The concept "common presentation of rare diseases" implies that rare diseases are masked by common phenotypic manifestations. This concept applies to both aneurysmal and valvular diseases that can be syndromic and non-syndromic. Syndromic disorders include genetic connective tissue diseases and chromosomal disorders that are diagnosed independently from the aneurysm or valve disease. Non-syndromic diseases, on the other hand, are defined by the presence of aneurysm or valve disease or both. The reasons for suspecting these rare diseases include young age, the absence of risk factors, a positive family history for aortic or valvular disease/event, and extra-cardiovascular traits for syndromes. The probands should receive genetic counseling, genetic testing [single gene in case of precise phenotyping addressing the gene to be tested, or multigene panels, in case of diseases with genetic heterogeneity], post-test counseling, clinical family screening and cascade genetic testing in relatives after the identification of a causative mutation. Segregation studies are essential in case of novel mutations, in particular non-truncation predicting variants. Clinical family screening of syndromic diseases is facilitated by the evaluation of non-cardiovascular traits; this supports early diagnosis and geno-phenotype correlation. Vice versa, family screening studies in non-syndromic aneurysmal and valvular diseases exclusively relies on CV imaging screening of relatives. In this context, conditions such as BAV and related aortopathy are easy to diagnose because BAV is present at birth while aortopathy usually develops during the life course.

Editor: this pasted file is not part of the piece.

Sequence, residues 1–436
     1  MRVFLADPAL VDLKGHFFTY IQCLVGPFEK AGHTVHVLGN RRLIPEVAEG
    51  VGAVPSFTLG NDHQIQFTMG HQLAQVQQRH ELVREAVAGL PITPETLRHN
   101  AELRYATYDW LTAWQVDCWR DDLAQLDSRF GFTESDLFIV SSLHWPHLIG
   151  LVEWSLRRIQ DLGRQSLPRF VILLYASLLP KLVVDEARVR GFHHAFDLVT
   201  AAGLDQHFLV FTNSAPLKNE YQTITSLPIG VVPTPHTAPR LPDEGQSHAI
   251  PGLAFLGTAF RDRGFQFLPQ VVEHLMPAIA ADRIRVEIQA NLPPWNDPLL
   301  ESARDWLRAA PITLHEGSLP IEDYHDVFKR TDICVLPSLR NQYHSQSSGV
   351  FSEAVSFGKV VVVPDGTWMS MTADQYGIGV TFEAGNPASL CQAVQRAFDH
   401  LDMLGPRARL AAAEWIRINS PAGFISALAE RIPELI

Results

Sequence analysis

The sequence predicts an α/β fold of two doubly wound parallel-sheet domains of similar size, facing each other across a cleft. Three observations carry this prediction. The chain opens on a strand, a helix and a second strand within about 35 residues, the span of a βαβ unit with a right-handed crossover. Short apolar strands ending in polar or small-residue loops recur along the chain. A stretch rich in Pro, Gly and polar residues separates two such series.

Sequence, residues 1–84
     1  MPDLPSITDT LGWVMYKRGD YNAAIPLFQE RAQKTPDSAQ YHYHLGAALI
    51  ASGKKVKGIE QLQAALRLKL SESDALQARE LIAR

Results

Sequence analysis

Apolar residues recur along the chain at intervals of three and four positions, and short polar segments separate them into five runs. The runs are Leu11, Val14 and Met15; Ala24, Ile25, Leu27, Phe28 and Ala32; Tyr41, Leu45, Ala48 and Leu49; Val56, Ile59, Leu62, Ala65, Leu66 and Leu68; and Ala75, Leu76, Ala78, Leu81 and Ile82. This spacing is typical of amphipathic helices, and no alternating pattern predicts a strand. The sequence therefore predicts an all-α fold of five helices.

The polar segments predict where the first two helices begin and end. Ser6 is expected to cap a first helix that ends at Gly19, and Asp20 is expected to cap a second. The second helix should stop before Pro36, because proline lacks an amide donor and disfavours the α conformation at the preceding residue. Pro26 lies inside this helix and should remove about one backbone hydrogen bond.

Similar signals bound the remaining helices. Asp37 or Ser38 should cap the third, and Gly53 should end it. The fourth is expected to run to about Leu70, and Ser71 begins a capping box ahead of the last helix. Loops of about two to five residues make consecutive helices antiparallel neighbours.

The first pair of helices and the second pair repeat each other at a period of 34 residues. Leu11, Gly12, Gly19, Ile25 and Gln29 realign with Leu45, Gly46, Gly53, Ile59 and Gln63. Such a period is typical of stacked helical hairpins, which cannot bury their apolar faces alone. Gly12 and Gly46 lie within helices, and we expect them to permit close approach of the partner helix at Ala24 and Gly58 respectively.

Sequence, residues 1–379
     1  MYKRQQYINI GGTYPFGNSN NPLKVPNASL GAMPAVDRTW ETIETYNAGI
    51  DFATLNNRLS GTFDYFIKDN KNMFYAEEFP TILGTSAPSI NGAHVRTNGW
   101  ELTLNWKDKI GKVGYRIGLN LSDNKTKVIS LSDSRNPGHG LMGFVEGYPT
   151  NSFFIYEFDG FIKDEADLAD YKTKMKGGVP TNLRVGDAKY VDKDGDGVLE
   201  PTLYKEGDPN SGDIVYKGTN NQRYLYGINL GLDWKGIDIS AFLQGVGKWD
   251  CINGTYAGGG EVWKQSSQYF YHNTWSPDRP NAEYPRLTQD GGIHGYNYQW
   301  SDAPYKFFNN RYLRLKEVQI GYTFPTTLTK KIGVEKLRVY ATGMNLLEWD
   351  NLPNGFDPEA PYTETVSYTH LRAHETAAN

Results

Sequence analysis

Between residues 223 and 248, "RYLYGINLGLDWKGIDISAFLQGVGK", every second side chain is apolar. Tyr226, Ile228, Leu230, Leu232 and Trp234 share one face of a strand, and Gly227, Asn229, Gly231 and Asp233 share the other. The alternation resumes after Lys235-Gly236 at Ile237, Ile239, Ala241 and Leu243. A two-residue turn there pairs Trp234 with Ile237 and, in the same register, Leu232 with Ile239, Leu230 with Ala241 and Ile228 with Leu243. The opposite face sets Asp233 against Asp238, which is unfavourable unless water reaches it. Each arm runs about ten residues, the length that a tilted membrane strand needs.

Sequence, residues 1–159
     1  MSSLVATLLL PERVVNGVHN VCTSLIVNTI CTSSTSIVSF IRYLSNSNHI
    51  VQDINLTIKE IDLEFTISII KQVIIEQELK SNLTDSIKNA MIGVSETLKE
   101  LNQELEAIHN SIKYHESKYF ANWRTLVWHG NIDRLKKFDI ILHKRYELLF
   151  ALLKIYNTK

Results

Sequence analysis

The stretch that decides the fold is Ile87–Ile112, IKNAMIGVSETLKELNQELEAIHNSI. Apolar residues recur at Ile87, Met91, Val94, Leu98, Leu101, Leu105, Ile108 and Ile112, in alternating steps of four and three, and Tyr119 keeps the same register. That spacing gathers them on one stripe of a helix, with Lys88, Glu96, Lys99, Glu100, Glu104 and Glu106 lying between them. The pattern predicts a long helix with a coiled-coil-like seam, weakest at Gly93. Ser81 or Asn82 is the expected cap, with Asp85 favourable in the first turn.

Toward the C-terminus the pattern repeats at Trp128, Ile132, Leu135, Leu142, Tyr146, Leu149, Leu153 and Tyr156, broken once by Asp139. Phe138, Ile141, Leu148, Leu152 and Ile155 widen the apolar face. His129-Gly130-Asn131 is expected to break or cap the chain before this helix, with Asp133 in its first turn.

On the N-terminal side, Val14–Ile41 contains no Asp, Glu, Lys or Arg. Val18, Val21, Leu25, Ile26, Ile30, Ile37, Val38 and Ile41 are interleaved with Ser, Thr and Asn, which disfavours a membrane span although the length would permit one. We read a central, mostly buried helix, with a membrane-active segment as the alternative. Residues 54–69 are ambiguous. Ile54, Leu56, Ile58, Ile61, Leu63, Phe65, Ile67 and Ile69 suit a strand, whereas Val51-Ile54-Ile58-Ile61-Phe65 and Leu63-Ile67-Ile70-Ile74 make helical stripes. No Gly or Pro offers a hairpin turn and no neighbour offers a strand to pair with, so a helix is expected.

Keywords: Aneurysm; Aortopathy; Connective tissue; Genetics; Rare disease; Valvulopathy.
Copyright © 2018 Elsevier B.V. All rights reserved.